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Electronic Journal of Biotechnology

 ISSN 0717-3458

Electron. J. Biotechnol. v.5 n.2 Valparaíso ago. 2002


Process Biotechnology

EJB Electronic Journal of Biotechnology ISSN: 0717-3458 Vol. 5 No. 2, Issue of August 15, 2002
© 2002 by Universidad Católica de Valparaíso -- Chile Received December 21, 2001 / Accepted June 4, 2002

Novel technique for microbial production of 3,4-Dihydroxy Phenyl L-alanine by a mutant strain of Aspergillus oryzae

Sikander Ali*
Biotechnology Research Laboratories
Department of Botany
Faculty of Sciences
Government College
Lahore, Pakistan
Tel: 92 42 9211634
Fax: 92 42 7243198
E-mail: alisbiotech@yahoo.com

Biotechnology Research Laboratories
Department of Botany
Faculty of Sciences
Government College
Lahore, Pakistan
Tel: 92 42 9211634
Fax: 92 42 7243198
E-mail: ikrhaq@yahoo.com

Qadeer, M.A.
Centre of Excellence in Molecular Biology
Thokar Niaz Baig
C/B Road, Lahore, Pakistan
Tel: 92 42 7588977
Fax: 92 42 723198
E-mail: qadeerma@yahoo.com

* Corresponding author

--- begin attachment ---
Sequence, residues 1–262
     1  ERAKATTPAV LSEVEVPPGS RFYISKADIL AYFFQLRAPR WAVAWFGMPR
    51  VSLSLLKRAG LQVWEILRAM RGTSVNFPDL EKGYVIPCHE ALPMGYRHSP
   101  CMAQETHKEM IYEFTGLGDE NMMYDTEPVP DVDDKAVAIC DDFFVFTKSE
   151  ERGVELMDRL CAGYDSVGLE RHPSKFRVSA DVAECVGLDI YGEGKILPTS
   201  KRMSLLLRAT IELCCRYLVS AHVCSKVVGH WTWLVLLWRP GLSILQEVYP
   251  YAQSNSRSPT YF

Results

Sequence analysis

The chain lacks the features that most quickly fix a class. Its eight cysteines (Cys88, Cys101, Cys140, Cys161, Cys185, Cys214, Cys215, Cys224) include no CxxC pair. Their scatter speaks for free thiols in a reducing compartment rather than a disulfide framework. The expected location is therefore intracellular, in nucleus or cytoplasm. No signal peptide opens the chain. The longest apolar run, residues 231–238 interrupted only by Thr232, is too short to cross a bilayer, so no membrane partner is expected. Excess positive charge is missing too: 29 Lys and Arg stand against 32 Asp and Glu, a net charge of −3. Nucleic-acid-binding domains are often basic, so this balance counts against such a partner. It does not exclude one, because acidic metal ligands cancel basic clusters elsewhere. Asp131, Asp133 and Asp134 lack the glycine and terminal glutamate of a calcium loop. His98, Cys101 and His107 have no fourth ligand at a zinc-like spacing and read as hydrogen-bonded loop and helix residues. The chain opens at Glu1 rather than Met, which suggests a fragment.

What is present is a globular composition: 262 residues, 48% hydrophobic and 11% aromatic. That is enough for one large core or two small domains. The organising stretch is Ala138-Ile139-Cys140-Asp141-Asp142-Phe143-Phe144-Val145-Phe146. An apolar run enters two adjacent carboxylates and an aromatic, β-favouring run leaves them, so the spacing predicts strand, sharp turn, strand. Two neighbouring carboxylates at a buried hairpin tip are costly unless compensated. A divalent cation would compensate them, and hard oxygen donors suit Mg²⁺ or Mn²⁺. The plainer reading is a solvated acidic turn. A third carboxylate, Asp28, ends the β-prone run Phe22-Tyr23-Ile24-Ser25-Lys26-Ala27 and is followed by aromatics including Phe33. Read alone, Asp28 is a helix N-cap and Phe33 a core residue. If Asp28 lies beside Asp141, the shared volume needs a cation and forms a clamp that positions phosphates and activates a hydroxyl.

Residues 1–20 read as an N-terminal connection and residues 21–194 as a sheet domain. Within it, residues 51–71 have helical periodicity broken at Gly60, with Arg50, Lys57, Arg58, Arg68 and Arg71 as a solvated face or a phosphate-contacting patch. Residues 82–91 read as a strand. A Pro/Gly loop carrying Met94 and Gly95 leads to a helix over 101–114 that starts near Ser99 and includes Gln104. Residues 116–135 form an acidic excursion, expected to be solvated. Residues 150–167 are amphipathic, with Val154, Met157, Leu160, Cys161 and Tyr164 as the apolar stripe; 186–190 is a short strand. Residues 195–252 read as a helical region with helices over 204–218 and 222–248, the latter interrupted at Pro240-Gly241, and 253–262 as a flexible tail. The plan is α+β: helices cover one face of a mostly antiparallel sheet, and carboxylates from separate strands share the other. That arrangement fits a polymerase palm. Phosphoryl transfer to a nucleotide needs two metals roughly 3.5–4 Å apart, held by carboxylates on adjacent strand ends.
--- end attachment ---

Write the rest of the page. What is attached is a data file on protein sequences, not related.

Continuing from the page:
Financial support: Principal, Government College Lahore, Pakistan.

Keywords: amino acid, Aspergillus oryzae, fermentation, L-DOPA, L-tyrosine, Parkinson’s disease.


Substrate consumption parameters:
µ (h-1) = specific growth rate
Yx/s = g cells/g substrate utilized
Qs = g substrate consumed/l/h
qs = g substrate consumed/g cells/h
Qx = g cells formed/l/h
Production formation rates:
Qp = g citric acid produced/litre/h
Yp/s = g citric acid produced/g substrate consumed
Yp/x = g citric acid produced/g cells formed
qp = g citric acid produced/g cells/h.

Abstract Reprint (PDF)

L-DOPA is a useful drug for Parkinson’s disease. This investigation deals with the biosynthesis of L-DOPA by parental (GCB-6) and mutant (UV-7) strains of Aspergillus oryzae. There was a marked difference between the mycelial morphology and pellet type of the parental and UV-irradiated mutant cultures. The mutant strain of Aspergillus oryzae UV-6 showed pellet-like mycelial morphology and improved tyrosinase activity. Mould mycelium was used for biochemical conversion of L-tyrosine to L-DOPA since tyrosinase is an intracellular enzyme. The mutant was found to give 3.72 folds higher production of L-DOPA than the parental strain. The comparison of kinetic parameters was also done which showed greater ability of the mutant to yield L-DOPA (i.e. Yp/x 32.73 mg/mg with parent and 95.71 mg/mg with mutant). When cultures grown for various incubation periods, were monitored for Qp, Qs and qp, there was significant enhancement (p<0.0025-0.005) in these variables by the mutant strain of Aspergillus oryzae UV-7 over GCB-6 on all the rates.